Monday, March 23, 2009

Belt and Braces but no Trousers

On a number of occasions on this blog, I have expressed scepticism about technical solutions to the HIV epidemic. Such solutions include mass male circumcision (MMC), universal testing and treatment (UTT) and universal condom distribution. I am not suggesting that these technical solutions do not work, on the contrary, they are effective. But there are two major problems; no single solution is likely to work on its own and structural conditions in developing countries mean that technical solutions face serious, often insurmountable, barriers to success.

Even condom distribution requires some level of infrastructure, education and communications. MCC faces the problem of seriously scarce, under funded and understaffed health facilities. Large scale testing has been dogged by the fact that many facilities are static and centralised, whereas the majority of Kenyans live in rural areas. Recently, it was demonstrated that many people are receiving incorrect results, either false positives or false negatives. This results from lack of training and quality control and probably many other things. And treatment has had problems as a result of disruptions such as food shortages, civil disturbances and economic problems.

A recent survey carried out in Bungoma, Western Kenya, showed that even in clinical settings, around 17% of people circumcised suffered adverse effects. The figure was about double that for circumcisions carried out in traditional settings. So this would not make circumcision a tempting option for Kenyans unless a huge amount of money is spent on developing health facilities. I don't oppose circumcision as long as it is an elective operation but I don't think circumcision in traditional settings will ever be a wise option.

Testing facilities in Kenya, as well as being in short supply, are just not reaching enough people. Some Kenyan policy documents mention mobile testing units, but they don't seem to be common yet. There continues to be a problem with testing facilities being in urban and semi urban areas. This means that many will not be able to access them, for various reasons. Cost is one factor but people are also less likely to know about HIV and testing when they are isolated from what are highly centralised and relatively inaccessible services. There is also talk about door to door testing and similar methods but this has only been carried out to a limited extent so far.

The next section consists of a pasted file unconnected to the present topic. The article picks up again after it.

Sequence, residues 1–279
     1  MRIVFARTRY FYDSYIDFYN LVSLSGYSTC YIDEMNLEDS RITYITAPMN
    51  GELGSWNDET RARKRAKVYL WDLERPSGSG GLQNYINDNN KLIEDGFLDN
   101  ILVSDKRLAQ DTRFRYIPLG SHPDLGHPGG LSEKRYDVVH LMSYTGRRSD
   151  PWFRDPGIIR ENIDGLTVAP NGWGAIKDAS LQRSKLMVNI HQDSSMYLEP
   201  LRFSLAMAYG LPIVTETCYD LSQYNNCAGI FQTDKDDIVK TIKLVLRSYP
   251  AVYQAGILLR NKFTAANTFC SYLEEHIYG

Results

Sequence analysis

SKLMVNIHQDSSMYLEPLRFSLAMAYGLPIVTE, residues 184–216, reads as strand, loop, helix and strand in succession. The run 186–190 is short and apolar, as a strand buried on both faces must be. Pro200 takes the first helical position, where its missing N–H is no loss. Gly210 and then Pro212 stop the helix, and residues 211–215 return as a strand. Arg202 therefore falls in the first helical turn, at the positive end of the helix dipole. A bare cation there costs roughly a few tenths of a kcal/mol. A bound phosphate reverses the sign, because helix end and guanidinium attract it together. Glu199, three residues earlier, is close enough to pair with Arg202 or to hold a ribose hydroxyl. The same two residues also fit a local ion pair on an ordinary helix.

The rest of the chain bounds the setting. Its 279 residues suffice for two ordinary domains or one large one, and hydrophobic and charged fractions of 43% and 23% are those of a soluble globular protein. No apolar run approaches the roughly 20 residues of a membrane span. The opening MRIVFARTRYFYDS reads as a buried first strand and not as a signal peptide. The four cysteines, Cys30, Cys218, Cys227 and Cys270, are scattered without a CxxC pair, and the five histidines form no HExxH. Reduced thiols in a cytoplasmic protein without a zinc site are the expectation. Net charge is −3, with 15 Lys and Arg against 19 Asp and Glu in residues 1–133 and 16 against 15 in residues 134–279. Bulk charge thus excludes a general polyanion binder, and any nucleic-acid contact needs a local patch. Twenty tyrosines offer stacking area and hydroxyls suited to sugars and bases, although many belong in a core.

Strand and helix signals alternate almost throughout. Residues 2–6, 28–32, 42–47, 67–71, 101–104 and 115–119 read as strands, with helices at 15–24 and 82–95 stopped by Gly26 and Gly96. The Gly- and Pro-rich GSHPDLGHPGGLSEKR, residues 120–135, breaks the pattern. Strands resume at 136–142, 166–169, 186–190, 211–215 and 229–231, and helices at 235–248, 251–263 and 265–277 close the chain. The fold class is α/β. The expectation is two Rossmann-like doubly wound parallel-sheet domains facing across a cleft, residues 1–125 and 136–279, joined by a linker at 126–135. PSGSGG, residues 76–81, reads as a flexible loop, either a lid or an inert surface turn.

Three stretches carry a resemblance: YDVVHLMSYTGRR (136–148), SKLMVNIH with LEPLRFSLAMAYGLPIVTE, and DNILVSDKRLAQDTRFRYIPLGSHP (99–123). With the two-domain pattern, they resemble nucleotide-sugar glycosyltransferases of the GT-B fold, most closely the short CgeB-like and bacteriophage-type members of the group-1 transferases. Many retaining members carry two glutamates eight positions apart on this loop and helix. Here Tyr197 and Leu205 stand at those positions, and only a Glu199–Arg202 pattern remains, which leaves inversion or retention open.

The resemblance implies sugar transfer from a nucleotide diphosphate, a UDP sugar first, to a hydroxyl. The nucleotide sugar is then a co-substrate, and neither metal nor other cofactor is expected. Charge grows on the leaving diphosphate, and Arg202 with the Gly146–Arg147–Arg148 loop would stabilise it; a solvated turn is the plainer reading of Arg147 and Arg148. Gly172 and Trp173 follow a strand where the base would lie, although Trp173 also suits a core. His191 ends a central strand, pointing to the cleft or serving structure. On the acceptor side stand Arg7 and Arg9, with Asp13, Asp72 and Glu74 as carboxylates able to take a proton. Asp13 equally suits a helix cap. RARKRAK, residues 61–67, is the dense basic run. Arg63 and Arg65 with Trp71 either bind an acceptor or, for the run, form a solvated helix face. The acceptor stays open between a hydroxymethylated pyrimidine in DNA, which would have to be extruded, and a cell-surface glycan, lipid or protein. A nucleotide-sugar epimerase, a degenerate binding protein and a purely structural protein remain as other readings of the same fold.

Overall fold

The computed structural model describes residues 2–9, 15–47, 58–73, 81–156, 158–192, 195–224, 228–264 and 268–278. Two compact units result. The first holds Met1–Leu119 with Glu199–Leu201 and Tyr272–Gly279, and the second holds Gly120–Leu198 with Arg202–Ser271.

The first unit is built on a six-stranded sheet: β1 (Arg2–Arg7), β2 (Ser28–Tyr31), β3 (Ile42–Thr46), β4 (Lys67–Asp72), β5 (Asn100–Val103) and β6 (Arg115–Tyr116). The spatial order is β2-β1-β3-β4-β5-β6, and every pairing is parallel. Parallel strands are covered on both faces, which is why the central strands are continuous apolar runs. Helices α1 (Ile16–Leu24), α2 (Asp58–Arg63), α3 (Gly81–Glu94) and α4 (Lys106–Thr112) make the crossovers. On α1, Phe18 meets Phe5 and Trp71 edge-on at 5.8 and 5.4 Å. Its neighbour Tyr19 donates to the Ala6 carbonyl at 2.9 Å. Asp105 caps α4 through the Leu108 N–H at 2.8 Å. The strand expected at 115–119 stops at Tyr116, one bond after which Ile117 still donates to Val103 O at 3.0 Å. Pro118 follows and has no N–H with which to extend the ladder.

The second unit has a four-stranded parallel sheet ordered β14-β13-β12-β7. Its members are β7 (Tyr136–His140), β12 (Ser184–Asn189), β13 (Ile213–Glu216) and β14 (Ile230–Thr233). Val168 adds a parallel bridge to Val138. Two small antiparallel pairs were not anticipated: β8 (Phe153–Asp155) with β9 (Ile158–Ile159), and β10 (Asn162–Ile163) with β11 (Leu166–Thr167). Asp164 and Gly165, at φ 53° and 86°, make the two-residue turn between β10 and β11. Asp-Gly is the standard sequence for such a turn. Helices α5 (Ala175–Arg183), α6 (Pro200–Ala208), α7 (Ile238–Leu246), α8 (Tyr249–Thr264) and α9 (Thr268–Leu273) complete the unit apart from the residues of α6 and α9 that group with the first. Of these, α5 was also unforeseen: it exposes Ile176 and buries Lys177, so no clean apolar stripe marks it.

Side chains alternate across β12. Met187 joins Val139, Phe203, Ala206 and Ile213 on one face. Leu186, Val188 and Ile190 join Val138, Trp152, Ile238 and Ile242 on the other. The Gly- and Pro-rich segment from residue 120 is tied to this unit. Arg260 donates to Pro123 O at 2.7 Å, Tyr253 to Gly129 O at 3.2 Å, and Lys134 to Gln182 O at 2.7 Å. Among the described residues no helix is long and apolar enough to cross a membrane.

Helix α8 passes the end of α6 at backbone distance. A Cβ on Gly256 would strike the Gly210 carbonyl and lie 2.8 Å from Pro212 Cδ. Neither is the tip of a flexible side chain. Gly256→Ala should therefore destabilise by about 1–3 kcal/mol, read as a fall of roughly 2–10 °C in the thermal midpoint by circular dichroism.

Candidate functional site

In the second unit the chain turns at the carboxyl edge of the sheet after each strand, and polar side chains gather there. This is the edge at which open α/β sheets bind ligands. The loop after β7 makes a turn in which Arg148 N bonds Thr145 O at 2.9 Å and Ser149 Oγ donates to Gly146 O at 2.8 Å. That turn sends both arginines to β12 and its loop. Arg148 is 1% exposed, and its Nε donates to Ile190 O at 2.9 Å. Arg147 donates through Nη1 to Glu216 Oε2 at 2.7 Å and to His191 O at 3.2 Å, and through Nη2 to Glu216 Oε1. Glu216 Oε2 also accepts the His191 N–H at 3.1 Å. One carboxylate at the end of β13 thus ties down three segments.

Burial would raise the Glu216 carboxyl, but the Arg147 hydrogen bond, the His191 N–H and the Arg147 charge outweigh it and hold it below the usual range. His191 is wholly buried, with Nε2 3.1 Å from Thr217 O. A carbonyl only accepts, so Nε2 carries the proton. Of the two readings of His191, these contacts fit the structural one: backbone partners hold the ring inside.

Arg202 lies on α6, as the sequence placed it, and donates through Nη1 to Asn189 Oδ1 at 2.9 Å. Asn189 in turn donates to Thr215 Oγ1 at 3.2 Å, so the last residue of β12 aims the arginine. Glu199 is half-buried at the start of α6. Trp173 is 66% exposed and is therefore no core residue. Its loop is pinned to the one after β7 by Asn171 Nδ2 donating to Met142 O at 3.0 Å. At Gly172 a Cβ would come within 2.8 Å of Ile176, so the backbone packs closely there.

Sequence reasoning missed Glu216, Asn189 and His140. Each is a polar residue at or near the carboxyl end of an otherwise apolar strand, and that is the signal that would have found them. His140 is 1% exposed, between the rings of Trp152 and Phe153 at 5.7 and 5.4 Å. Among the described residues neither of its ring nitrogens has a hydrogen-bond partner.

Those already being treated for HIV have, in many cases, had their treatment interrupted because of post election violence in Kenya, because of ongoing civil disputes in Zimbabwe, because of an economic crisis in Botswana, because of political disputes in South Africa and because of war in Sudan. There are, doubtless, many other instances where treatment has been shown to lack sustainability and this is often a problem with technical solutions.

The history of the epidemic in Kenya shows that there were many factors in the spread of HIV, relating to health, the economy, the environment, infrastructure, labour practices, gender and many other areas. Given this, it is no wonder that a single solution will have little chance of reducing HIV transmission. Condoms will remain in warehouses or on shelves, stay unused or be used incorrectly. Drugs, too, will be unused or misused because lack of support, education or other enabling conditions.

All of these technical solutions are good and together, along with any other strategies, could see HIV decline significantly in the next few decades. But if we ignore the overall development of countries like Kenya, each solution will have little success, perhaps none. Kenya is suffering from underdevelopment, many development indicators are moving in the wrong direction. This has been going on for decades and has been obvious for decades.

Developing health, education and other social services may seem too expensive or too difficult. But this is not an optional extra, it is a prerequisite to the success of any of the currently popular technical solutions.


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